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Aerobraking team will help guide Odyssey into Mars orbit

When NASA's 2001 Mars Odyssey spacecraft arrives at the red planet Oct. 23, things may get a little tense for New Mexico State University astronomer Jim Murphy and other scientists in the project's Aerobraking Atmospheric Advisory Group.



New Mexico State University astronomer Jim Murphy is a member of the Aerobraking Atmospheric Advisory Group for NASA's Mars Odyssey project. (NMSU photo)

The group's recommendations will play an important role in maneuvering the spacecraft into a circular orbit around Mars so it can achieve its scientific goals in preparation for an eventual manned mission to the planet.

Aerobraking is the technique that will move Odyssey from its initial elliptical orbit into a circular one, using frictional drag as the craft flies through the upper part of the atmosphere, about 100 kilometers above the planet's surface.

"It's a bit like dragging your feet on the ground to slow down when you're riding a bicycle," said Murphy, whose research focuses on Mars' atmosphere and weather.

Putting a spacecraft directly into a circular orbit would require a large amount of fuel and add tremendously to the weight of the launch and the cost of the mission, he explained.

"An alternative is to get yourself initially into an elliptical orbit and slow the spacecraft down a little bit each time it goes through the atmosphere" on the near part of its orbit, he said.

The atmospheric advisory group provides recommendations on whether or not to use the onboard rockets to nudge the spacecraft deeper into the atmosphere or to move it to a higher point in the atmosphere as it passes through.

"You don't want to go too deeply into the atmosphere and burn the spacecraft," he said. On the other hand, the craft needs to be deep enough within the atmosphere to experience enough friction to slow down the required amount to achieve a circular orbit within the window of time available for the mission.

Those critical decisions will be based partly on the expertise of Murphy and others on the aerobraking advisory team.

"Our role is to take as much of the data and theoretical understanding we have of the atmosphere on Mars and attempt to forecast, a certain number of orbits out, what the spacecraft might encounter," Murphy said. His contributions to the effort include computer modeling of the Martian atmosphere.

Like weather on Earth, Martian weather can be difficult to predict. To complicate matters, Odyssey will arrive during the planet's prime dust storm season, Murphy said. A global dust storm that developed in June is subsiding now, he said, but the historical record shows that two storms can occur during one Mars year.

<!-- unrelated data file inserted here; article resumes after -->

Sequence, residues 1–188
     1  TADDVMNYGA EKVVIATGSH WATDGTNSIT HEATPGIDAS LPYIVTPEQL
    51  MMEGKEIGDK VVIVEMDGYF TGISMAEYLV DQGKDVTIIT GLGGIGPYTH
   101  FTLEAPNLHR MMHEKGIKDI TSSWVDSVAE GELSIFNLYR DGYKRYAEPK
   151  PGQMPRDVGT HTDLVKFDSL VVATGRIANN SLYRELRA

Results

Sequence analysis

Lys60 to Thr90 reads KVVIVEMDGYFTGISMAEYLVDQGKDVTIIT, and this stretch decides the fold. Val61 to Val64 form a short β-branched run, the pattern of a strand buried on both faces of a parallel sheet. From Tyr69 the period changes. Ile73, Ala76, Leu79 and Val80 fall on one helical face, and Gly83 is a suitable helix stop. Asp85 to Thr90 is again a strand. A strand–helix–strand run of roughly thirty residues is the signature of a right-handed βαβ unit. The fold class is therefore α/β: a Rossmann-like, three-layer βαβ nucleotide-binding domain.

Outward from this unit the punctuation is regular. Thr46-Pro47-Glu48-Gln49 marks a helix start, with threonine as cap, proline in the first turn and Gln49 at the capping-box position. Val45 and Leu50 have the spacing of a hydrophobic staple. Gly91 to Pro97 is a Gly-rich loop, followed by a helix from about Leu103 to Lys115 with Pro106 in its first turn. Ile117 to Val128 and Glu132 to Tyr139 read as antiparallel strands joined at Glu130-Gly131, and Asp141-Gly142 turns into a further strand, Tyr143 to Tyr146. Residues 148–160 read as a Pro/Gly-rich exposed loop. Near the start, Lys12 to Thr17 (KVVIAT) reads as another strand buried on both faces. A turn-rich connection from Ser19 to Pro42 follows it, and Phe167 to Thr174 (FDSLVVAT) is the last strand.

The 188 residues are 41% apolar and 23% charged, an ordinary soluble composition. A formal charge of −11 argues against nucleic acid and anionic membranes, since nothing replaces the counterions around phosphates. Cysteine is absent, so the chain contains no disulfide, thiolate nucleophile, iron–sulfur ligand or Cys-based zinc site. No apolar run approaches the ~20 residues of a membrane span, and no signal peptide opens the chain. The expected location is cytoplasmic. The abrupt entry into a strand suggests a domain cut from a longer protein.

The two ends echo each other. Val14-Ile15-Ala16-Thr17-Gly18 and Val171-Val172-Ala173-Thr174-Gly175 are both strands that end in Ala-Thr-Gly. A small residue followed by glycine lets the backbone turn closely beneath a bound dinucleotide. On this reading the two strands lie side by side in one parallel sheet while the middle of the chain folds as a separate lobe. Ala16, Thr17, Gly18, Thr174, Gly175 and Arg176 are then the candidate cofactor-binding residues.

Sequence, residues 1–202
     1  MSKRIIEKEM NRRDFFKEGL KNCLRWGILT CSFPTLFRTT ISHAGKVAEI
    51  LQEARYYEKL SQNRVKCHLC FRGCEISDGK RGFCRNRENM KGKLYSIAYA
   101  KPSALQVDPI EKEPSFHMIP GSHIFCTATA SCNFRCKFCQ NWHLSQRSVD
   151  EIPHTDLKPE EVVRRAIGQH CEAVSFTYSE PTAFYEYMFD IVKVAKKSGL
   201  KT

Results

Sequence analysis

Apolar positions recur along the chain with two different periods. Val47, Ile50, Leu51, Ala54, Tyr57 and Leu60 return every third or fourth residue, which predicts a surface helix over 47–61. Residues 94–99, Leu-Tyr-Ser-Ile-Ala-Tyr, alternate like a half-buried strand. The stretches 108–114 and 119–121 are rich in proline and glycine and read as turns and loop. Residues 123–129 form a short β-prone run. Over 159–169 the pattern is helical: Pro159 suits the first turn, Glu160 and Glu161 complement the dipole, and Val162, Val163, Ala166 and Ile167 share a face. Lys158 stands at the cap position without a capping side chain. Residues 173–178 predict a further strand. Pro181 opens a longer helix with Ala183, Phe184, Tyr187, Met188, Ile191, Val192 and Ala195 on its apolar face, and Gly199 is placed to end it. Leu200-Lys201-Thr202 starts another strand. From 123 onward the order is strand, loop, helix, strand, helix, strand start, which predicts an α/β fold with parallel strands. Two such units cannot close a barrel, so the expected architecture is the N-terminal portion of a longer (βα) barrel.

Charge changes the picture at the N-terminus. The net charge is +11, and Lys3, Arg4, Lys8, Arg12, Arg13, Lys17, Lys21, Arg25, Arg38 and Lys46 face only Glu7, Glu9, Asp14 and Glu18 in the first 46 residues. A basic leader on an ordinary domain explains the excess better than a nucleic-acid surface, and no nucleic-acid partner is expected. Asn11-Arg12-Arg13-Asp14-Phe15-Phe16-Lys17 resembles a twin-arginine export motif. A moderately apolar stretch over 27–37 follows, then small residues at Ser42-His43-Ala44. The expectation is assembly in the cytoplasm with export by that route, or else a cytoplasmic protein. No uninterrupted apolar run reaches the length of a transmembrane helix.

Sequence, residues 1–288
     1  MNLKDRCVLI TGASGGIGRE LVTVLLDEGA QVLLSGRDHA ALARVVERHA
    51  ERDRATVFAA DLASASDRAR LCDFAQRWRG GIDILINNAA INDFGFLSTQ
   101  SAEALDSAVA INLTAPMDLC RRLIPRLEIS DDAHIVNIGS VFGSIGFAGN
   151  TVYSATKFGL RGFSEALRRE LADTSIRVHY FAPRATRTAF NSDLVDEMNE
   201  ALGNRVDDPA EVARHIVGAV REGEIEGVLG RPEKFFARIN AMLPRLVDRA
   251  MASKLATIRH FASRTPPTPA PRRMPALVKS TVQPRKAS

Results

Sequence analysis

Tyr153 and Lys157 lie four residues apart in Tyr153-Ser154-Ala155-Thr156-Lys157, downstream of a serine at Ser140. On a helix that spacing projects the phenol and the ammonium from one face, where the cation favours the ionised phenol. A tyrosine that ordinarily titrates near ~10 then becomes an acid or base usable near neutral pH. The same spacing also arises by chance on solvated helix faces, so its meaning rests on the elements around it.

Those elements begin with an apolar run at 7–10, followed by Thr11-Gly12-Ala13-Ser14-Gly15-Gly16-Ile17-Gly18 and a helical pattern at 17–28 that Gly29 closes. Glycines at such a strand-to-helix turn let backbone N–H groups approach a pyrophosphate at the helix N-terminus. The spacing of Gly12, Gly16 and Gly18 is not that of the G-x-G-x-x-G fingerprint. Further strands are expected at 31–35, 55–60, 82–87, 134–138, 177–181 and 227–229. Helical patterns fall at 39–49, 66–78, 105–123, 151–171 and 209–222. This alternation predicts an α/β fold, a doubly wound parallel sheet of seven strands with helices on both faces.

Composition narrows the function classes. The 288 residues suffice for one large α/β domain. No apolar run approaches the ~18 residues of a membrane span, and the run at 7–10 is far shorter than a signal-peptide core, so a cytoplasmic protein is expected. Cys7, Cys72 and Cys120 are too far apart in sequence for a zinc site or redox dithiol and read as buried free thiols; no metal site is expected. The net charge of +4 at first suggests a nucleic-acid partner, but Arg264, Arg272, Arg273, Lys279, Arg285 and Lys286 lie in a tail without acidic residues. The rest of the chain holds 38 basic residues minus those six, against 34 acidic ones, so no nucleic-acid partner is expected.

The prospect of another storm is a big concern to the advisory group, he said. "We would have to deal with its rapid intensification in real time, and also have to deal with its ongoing effects while still being constrained with the idea that aerobraking needs to accomplish its work in a specified period of time to achieve the orbit that is desired for the mission."

Odyssey's scientific objectives are to characterize the climate and geology of Mars, look for evidence of water, and study the planet's radiation environment. The details it provides will contribute to a better understanding of the planet and help prepare for human exploration.

An instrument called THEMIS (Thermal Emission Imaging System) will determine the distribution of minerals on the planet's surface, particularly minerals that can form only in the presence of water. Using infrared images, Murphy said, this high-tech camera should be able to map any thermal hot spots, which could be useful in identifying future landing sites.

Odyssey's Gamma Ray Spectrometer will provide information on the distribution of chemical elements, including hydrogen, which will help detect the presence of water in the soil.

An instrument called MARIE (Mars Radiation Environment Experiment) will investigate the radiation levels on Mars, which could present hazards to human explorers, he said.

Much of the data Odyssey sends back to Earth will be useful to Murphy as he refines his models of the Martian atmosphere. But being directly involved in a NASA mission adds another dimension to his work.

"Most of the time in theoretical work, you have no time constraints," he said, while a mission like Odyssey involves quick decisions and changing conditions.

"It's a bit nerve-wracking at times," said Murphy, who has taken part in previous Mars missions. "We do have some direct impact on the health of the craft."